to naval and air personnel in the New Year's honors list.
Naval Service Headquarters made public the citations for more than 60
"operational" awards in the New Year's list and Air Force Headquarters
released citations for the award of the Distinguished Flying Cross to
S/L Kenneth Boomer of Ottawa, S/L Norville E. Small of Dartmouth, N.S.,
and F/O Maurice Belanger of Vancouver.
S/L Small was credited with five attacks on submarines, three of them
successful, within the last few months. He showed courage in attacking
surfaced submarines which carried armament superior to that of his aircraft,
the citation said. He was credited with assisting in more than one rescue
of survivors of sunken or damaged vessels.
F/O Belanger was reported to have "carried out three attacks against
U-boats, inflicting damage on one, probably sinking a second, and possibly
sinking a third."
The other D.F.C. recipient, S/L Boomer, was described as the first R.C.A.F.
pilot to make contact with the enemy in the Alaskan area. He commands
a fighter squadron whose "consistently high standard of efficiency
under difficult and trying conditions" is attributed to his "unflagging
zeal and devotion to duty."
More General Terms
The navy's citations were general in terms and seldom gave details of
specific acts of valor. They mentioned performances of individuals in
such important naval incidents as to the torpedoing of the Canadian destroyer
Saguenay and its limping voyage to port, the capture of the German merchant
ship Weser, the destruction of the German merchantmen Hermonthis and Munchen,
the sinking of the Newfoundland-Nova Scotia car ferry Caribou, the evacuation
of France, and the prolonged fight waged by the destroyer Skeena and other
Canadian warships against a submarine wolf pack in defense of an Atlantic
The one woman to receive an operational naval award was Nursing Dietitian
Margaret M. Brooke of Ardath, Sask., who was given the rank of Officer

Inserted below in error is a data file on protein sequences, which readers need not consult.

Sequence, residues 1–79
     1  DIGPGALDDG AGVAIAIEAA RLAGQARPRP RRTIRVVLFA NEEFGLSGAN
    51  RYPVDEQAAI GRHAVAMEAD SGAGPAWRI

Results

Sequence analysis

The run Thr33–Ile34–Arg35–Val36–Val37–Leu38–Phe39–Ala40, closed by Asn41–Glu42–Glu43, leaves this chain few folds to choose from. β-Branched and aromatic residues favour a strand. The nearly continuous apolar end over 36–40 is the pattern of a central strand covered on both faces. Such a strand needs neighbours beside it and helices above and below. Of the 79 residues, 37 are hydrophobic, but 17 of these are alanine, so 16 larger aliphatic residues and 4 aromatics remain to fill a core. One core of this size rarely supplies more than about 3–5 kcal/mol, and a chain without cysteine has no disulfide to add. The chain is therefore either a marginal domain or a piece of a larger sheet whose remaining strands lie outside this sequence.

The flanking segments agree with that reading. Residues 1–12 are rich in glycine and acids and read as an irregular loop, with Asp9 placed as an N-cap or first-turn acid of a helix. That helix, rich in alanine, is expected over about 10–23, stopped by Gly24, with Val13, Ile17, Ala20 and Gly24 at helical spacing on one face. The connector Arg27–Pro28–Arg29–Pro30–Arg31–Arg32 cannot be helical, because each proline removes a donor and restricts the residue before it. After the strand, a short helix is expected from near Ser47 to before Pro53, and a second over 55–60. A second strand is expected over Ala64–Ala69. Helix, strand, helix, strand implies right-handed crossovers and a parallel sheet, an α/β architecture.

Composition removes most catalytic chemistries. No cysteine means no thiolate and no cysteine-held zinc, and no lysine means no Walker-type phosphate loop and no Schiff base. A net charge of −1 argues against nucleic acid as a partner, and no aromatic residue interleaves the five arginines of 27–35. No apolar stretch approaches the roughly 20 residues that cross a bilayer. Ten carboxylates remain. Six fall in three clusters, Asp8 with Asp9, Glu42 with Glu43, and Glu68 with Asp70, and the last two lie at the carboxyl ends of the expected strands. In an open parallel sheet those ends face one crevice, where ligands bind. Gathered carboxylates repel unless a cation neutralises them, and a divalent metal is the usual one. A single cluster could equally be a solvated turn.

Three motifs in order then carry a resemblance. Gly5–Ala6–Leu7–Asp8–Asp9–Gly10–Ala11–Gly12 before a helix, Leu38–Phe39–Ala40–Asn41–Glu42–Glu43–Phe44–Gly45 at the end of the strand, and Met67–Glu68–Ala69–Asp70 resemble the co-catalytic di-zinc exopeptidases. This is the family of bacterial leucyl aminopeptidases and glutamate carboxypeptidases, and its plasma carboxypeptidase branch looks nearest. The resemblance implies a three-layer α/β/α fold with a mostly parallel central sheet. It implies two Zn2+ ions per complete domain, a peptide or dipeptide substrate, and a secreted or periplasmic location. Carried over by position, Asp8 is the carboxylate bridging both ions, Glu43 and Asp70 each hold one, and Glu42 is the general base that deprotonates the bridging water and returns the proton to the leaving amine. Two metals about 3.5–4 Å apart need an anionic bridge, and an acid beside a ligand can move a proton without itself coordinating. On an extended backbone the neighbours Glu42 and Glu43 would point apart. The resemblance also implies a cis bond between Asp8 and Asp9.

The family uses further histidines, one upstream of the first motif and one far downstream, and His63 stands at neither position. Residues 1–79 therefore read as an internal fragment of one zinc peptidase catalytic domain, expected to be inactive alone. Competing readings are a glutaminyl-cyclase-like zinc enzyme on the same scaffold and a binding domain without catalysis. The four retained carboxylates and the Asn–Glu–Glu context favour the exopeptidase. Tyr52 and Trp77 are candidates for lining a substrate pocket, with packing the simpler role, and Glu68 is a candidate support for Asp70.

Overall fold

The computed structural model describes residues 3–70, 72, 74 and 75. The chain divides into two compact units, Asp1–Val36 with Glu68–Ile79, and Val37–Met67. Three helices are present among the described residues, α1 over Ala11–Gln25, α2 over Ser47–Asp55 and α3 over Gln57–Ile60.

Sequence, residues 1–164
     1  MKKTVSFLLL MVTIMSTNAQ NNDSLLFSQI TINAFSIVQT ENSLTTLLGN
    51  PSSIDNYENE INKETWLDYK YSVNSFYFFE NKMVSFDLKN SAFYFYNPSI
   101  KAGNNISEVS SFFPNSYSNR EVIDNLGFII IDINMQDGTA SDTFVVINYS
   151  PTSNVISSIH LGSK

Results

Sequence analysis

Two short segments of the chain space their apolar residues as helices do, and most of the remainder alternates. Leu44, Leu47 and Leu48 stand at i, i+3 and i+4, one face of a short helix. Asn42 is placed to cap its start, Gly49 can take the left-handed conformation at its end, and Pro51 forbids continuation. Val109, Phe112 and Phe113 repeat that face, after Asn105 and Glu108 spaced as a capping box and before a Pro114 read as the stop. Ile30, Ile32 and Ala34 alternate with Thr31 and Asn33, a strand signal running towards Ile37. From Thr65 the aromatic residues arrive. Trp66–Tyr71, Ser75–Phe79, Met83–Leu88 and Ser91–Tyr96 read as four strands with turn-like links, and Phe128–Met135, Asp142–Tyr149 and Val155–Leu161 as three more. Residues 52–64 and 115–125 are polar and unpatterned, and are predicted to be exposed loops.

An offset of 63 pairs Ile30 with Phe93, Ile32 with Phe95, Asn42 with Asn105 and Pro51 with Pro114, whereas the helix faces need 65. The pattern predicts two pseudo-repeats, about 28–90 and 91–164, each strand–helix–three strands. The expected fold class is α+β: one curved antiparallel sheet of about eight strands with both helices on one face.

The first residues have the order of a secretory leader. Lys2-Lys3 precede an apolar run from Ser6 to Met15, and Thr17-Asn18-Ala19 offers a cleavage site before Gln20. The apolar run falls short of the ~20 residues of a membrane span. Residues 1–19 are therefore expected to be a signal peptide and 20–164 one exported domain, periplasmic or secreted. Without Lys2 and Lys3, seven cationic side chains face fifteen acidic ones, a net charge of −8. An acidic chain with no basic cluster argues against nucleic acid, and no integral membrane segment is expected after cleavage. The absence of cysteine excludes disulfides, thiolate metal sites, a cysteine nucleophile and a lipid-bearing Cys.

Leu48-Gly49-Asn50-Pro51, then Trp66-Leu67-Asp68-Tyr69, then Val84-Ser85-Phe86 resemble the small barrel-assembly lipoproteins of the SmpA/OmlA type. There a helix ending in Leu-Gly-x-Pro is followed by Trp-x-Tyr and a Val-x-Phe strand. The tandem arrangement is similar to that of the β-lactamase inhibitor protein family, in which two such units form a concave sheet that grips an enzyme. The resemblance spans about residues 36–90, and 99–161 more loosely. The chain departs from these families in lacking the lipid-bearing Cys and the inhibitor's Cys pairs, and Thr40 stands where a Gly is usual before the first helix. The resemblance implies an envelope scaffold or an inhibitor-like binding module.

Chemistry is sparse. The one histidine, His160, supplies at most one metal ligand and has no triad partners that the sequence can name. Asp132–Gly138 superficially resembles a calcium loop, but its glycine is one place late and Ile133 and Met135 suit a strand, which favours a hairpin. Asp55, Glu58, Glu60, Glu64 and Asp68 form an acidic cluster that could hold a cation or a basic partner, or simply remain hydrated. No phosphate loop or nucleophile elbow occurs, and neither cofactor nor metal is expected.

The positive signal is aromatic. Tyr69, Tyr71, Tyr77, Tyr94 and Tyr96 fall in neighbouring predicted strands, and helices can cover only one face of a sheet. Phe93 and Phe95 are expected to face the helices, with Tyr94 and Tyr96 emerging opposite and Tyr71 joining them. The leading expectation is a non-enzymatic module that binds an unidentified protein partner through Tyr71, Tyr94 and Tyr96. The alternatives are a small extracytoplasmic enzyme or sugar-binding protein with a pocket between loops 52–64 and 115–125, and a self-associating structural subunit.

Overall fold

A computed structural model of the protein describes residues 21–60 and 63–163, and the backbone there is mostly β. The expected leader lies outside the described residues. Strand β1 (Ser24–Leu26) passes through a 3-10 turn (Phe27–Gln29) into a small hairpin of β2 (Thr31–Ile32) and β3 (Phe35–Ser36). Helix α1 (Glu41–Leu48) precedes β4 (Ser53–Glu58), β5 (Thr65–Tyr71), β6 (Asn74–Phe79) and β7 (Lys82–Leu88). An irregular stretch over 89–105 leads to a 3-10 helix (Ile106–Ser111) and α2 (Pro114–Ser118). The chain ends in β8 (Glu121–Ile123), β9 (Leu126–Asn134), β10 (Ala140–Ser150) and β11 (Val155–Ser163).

of the Order of the British Empire for courage while attempting to save
the life of another nursing sister after the sinking of the Newfoundland
ferry Caribou. (Nursing Sister Agnes Wilkie of Winnipeg lost her life
in the torpedo-sinking of the Caribou.)
Post-Date New Year List
Sqdn. Ldr. Roger Relton Goodbody, formerly of Vancouver, has been named
an Officer of the British Empire and F/O Gordon James Gow of Lethbridge
has been appointed a Member of the British Empire, R.C.A.F. headquarters
The brief official statement said these awards are additions to the New
Year's honors list made public previously.
Sqdn. Ldr Goodbody, stationed in the Middle East with the R.A.F., was
born in Vancouver in December, 1913. His next of kin is his mother Mrs.
Sturge Goodbody, of Oxford.
F/O Gow R.C.A.F. was born in Alberta 21 years ago and now is stationed
in South Africa. His next of kin is his mother, Mrs. E. Gow, of South
Air Force Casualties
Ottawa, Dec. 4, 1944 - The Department of National Defense
for Air today issued casualty list No. 1057 of the Royal Canadian Air
Force, showing net of kin of those named from Ontario include :
Missing After Air Operations
BOOMER, Kenneth Arthur, DFC, S/L Mrs. K.A. Boomer (wife), 524 Golden
GIBBONS, Noel. DFC, Flt.-Lt. West Vancouver, B.C.
Victories Include :
|7 Nov 1941
25 Sep 1942
22 Oct 1944
one u/i e/a
one u/i e/a
111 Sq. (Aleutians)
plus apparently 3 more damaged
3 / 0 / 4
* "I climbed to a stall practically, pulled up right under him. I just poured it into him from underneath. He flamed up and went down."
The Japanese pilot was seen to jump from his burning plane just before it hit the water. He was not wearing a parachute.
"Victory Over Kiska" © by Rich Thistle - Aleutian Islands, 25 Sept. 1942, Ken Boomer of 111 Sq. RCAF - but fighting
with the USAAF's 11 Sq. & their "extra" planes - downs an A6M2-N
"Rufe" Float plane over Kiska to become the only Canadian to shoot an enemy
plane out of North American skies and the only RCAF plane to down a Japanese plane